Labradorite Bianca Granite From Madagascar
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Description: Labradorite Bianca granite is a light grey anorthosite with some single, blue iridescent areas and sometimes large black patches. This stone internationally may be nominated as a granite but in the area of application of the European Standard this stone must be nominated as an anorthosite. Labradorite Bianca granite can be a very problematical granite to process and may need resining and glassfibre backing. Labradorite Bianca granite is suitable for both interior and exterior use futhermore is frost resistant and with a constant polish.
The veining and colour varies considerably and a small sample of Labradorite Bianca granite may not be representative of the whole slab therefore swatch samples must be approved for large projects to ensure that the blocks are all extracted from the same quarry face for matching purposes.
Products: Suitable for construction projects both commercial and domestic, prefabricated countertops/worktops, vanities, tiles, backsplashes, paving, fireplaces and memorials.
Surface Finish: Labradorite Bianca granite looks best with a gloss polished surface but is also available as honed, leather/satin, river-washed/antique, thermal/flamed, brushed and sandblast finish.
Sealing: Test with a small sample. It is possible that a sealant can be used on Labradorite Bianca granite however excessive attempts at sealing it could actually create a residue film build-up.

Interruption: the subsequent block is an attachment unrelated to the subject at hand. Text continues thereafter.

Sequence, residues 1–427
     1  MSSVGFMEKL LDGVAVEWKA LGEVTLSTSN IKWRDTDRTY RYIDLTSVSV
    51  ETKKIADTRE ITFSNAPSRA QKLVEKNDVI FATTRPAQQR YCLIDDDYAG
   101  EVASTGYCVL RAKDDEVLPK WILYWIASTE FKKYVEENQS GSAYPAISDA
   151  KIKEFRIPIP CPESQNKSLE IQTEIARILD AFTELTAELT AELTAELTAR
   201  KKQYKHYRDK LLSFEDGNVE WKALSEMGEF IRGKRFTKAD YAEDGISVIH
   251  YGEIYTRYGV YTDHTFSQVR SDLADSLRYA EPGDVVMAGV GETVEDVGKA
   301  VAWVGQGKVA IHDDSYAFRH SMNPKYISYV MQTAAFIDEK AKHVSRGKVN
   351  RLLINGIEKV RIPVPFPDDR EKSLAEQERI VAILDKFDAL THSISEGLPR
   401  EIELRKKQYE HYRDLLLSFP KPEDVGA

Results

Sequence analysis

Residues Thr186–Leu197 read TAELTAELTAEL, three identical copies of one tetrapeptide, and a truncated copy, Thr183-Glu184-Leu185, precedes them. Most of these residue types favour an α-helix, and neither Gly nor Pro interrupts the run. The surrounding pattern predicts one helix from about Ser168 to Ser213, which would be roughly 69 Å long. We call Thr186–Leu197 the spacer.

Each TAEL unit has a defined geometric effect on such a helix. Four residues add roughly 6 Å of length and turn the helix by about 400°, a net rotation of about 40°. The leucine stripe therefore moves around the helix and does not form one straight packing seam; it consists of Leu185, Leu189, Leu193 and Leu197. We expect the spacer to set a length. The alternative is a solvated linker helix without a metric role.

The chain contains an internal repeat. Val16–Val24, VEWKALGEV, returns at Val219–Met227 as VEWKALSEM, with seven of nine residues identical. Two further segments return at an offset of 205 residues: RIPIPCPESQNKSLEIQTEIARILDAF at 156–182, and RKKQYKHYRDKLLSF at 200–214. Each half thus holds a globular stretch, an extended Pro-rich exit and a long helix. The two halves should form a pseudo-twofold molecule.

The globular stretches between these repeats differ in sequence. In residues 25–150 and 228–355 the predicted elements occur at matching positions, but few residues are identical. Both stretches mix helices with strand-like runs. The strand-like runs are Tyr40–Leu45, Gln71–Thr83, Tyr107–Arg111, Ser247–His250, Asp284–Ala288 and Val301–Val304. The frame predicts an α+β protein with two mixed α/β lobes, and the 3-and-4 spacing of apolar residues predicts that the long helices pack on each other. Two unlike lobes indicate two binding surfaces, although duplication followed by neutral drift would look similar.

Block Sizes: It is believed there is more than one Labradorite Bianca quarry. For commercial projects it is important to ensure that blocks are selected from the same quarry face.
Rough blocks are usually exported by Break Bulk however intermodal containerisation is available at extra cost. Finished products are packed into sea-worthy wooden crates and loaded into containers.
Quarry Location: Labradorite Bianca granite is quarried near Ihosy, Ihorombe Region, Madagascar.
Synonyms: White Labradorite
Anorthosite:: A Precambrian, phaneritic, intrusive igneous rock characterized by a predominance of calcium-rich plagioclase feldspar (90-100%), and a minimal mafic component (0-10%). Pyroxene, ilmenite, magnetite, and olivine are the mafic minerals most commonly present. All anorthosites found on Earth consist of coarse crystals but some samples of the rock taken from the Moon are finely crystalline.
Labradorite:: This occurs in mafic igneous rocks and is the feldspar variety most common in basalt and gabbro. The uncommon anorthosite bodies are composed almost entirely of labradorite. It also is found in metamorphic amphibolites and as a detrital component of some sediments. Common mineral associates in igneous rocks include olivine, pyroxenes, amphiboles and magnetite.
Labradorescence:: A This is a side-effect of the molecular change which occurs in large crystal masses of anorthosite, producing an iridescent play of colors. This labradorescence, or schiller effect, is the result of light diffraction within the lamellar intergrowths - fine, adjacent layers of the separate materials (lamellae) comprising the whole rock phase - created when conditions do not allow for sufficient diffusion to the materials' equilibrium composition.
Weight Per Unit Of Volume: 2700-2723 Kg/m3
Compression Breaking Load (Compressive Strength): 1350-1380 Kg/cm2
Bending Strength: 150-163 Kg/cm2
Moisture Absorption (By Weight): 0.10%
Note: These figures and details are given for guidance purposes only.